Marketing, do you have a sales quota tied to Lead Generation? If not, you will soon. Do you wait for it to come or will you lead on this issue? Sign up for our Make the Number Tour if you would like to see how your peers are allocating people, money and time in 2013.
Over the last 12 months we:
Surveyed over 10,000 sales representatives
Surveyed over 4,500 sales managers
Reviewed over 5,000 documents from with some the world’s best B2B sales organizations.
“Why should you care?” B2B companies are assigning their Marketing teams with lead quotas tied directly to a percentage of the corporate sales goal.
In the past, leads could be generated and then handed off to sales. Today that is simply not good enough. The line between Marketing and Sales is blurred due to the fact that the buyer today is much more informed before he/she ever engages with a sales rep. The informed buyer is able to gather information about your products or services through social sites, blogs, referrals, web sites and many other sources before a sales rep is involved. By the time a buyer does engage with a sales rep they are often over 50% through the buying process. This means that marketing now plays an increasingly important role in the contribution towards the production of new logos.
“What to do?” Assign your team a quota. If you want to prove your worth, then what better way is there other than giving your team quotas at the beginning of the year? If this is the first time for you, then it is important that you do this accurately. You will need to get a baseline to determine if you are generating enough leads in order to Make the Number. We are now in August and you have time to get it right, but you need to start now.
Here is a very practical tool that you can start using immediately.
Marketing gets a quota and needs to determine how many new deals are required from Demand Generation. From the above illustration we know the following:
Marketing quota for the year
The average deal size
What percentage of opportunities convert into sales (wins)
What percentage of engagements become opportunities
What percentage of considerations enter into the engagement phase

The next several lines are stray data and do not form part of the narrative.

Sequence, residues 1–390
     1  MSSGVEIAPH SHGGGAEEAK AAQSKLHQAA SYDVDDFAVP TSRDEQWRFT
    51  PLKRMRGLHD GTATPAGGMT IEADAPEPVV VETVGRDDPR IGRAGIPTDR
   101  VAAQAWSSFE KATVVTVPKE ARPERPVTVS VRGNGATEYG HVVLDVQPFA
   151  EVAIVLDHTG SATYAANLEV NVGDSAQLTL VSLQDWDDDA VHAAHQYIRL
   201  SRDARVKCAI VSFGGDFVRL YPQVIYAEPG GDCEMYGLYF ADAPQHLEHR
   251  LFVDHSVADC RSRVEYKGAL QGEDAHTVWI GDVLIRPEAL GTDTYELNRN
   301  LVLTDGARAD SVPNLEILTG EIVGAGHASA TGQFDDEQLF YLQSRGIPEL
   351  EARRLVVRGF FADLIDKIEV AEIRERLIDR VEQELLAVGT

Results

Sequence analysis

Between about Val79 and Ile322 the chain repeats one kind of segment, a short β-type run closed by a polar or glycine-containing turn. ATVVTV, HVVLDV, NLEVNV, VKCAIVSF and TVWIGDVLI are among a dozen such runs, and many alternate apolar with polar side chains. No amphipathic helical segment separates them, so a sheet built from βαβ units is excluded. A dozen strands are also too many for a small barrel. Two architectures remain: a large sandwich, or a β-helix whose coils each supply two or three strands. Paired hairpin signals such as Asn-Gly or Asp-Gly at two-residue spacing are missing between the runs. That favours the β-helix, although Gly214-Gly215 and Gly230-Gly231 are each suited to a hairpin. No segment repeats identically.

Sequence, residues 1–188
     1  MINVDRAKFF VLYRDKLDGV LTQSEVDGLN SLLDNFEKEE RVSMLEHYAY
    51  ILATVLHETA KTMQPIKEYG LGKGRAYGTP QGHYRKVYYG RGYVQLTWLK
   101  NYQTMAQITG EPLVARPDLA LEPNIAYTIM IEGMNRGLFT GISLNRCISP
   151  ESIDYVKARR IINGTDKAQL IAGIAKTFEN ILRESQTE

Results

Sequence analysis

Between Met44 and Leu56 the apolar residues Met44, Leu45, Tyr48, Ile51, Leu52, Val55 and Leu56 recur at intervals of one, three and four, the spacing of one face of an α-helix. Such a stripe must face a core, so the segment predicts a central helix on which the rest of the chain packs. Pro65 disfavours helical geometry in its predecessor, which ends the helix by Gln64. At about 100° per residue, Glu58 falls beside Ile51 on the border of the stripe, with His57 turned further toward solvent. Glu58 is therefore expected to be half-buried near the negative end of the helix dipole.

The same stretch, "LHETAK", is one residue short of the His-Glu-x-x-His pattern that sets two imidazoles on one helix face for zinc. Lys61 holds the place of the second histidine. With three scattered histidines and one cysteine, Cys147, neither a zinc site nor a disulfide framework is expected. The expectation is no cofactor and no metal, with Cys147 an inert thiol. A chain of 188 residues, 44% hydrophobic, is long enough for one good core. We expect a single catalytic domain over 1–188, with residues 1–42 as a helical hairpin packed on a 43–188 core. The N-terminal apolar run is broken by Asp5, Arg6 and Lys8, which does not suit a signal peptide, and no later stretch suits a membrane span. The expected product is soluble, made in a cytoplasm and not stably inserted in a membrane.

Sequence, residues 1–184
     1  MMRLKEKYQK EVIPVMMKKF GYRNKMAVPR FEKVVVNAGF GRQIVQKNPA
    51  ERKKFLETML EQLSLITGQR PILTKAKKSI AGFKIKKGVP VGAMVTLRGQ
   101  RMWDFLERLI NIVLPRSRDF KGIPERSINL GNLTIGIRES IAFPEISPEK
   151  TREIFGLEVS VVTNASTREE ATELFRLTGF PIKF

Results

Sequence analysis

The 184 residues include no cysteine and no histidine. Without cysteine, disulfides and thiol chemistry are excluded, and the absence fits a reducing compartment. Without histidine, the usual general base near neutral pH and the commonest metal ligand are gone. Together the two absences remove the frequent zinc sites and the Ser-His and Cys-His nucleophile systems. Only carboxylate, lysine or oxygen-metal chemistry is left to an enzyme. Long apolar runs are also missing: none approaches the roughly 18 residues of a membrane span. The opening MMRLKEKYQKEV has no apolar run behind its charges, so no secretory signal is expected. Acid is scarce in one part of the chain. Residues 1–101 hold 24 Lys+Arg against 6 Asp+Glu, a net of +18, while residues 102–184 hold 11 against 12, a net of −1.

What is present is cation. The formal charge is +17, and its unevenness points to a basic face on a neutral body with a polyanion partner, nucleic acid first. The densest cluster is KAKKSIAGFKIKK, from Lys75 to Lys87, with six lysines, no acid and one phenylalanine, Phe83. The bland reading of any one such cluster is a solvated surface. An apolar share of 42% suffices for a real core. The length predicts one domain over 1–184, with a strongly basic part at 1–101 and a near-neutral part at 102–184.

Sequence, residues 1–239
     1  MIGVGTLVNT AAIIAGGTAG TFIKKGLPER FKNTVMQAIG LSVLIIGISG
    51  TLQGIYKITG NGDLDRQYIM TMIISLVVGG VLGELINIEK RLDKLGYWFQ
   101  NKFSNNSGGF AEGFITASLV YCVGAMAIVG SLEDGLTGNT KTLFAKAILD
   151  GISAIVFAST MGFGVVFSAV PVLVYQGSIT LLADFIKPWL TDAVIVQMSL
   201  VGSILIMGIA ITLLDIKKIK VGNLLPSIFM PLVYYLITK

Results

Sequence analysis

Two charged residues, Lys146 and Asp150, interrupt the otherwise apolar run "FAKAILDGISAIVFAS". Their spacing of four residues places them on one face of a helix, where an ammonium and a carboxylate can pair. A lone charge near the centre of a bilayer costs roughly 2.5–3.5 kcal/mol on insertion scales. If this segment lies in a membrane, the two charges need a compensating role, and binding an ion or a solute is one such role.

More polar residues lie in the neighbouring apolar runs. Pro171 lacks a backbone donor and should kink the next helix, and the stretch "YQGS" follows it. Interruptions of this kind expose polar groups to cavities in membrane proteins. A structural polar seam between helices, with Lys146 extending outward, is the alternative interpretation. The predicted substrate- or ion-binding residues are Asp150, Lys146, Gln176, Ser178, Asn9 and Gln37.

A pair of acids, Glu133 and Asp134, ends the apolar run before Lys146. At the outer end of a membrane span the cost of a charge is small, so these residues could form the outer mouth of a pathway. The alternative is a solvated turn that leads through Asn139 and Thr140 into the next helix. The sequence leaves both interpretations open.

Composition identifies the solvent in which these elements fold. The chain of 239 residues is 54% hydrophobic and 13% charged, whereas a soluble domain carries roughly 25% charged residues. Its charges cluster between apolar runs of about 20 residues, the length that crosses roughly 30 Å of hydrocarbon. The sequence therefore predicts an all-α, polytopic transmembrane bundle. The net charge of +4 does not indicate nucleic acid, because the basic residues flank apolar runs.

What percentage of those in the awareness proceed to the consideration phase
What percentage of the inquiries enter the awareness phase
By working from the Top Down in this illustration we know:
Marketing needs to deliver leads resulting in 168 sales at an average sales price of $113,000 to hit their Marketing Contribution Goal. (168 x $113,000 ASP = $19MM)
To make 168 sales, Lead Generation needs to produce 240,000 inquiries
If it looks like that number will be a stretch, then a sanity check with the bottoms-up approach would be applied. By using the bottoms-up approach you get an understanding of how many leads are currently being generated and what the sales contribution would be based upon the current conversion rates. 28 wins would fall way short of the goal.
“How to bridge the gap?” Before trying to determine what resources you will need to fill the gaps, I recommend doing the following:
Get a clear understanding of the customer’s buying process
Evaluate leads sources to see which ones are driving results
Learn what best practice companies are doing to drive traffic and leads
Adjust marketing spend to drive results
Get a copy of our Lead Generation Calculator to determine the LDR capacity/headcount needed to support lead generation revenue goals based on average deal size and B2B stage conversion averages.
Before the next budget meeting with the CFO and before the CEO assigns you a quota for 2013 you need to be able to answer the following questions:
What are your conversion rates across the different lead management phases?
What are your conversion rates across different lead sources?
How are your marketing dollars currently being spent?
Are there dollars that can be shifted to areas that will generate more leads?